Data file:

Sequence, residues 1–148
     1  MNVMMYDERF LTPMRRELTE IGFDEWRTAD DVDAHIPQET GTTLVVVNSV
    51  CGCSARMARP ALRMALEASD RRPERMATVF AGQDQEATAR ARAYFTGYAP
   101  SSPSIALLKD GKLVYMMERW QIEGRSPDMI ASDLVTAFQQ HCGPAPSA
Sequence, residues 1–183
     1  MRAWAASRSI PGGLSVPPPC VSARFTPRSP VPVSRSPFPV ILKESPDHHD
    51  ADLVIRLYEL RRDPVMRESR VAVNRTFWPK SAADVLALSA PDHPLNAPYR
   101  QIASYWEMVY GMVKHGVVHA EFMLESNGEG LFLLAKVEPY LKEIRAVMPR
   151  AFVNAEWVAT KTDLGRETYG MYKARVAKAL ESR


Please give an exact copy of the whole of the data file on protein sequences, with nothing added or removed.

Sequence, residues 1–148
     1  MNVMMYDERF LTPMRRELTE IGFDEWRTAD DVDAHIPQET GTTLVVVNSV
    51  CGCSARMARP ALRMALEASD RRPERMATVF AGQDQEATAR ARAYFTGYAP
   101  SSPSIALLKD GKLVYMMERW QIEGRSPDMI ASDLVTAFQQ HCGPAPSA
Sequence, residues 1–183
     1  MRAWAASRSI PGGLSVPPPC VSARFTPRSP VPVSRSPFPV ILKESPDHHD
    51  ADLVIRLYEL RRDPVMRESR VAVNRTFWPK SAADVLALSA PDHPLNAPYR
   101  QIASYWEMVY GMVKHGVVHA EFMLESNGEG LFLLAKVEPY LKEIRAVMPR
   151  AFVNAEWVAT KTDLGRETYG MYKARVAKAL ESR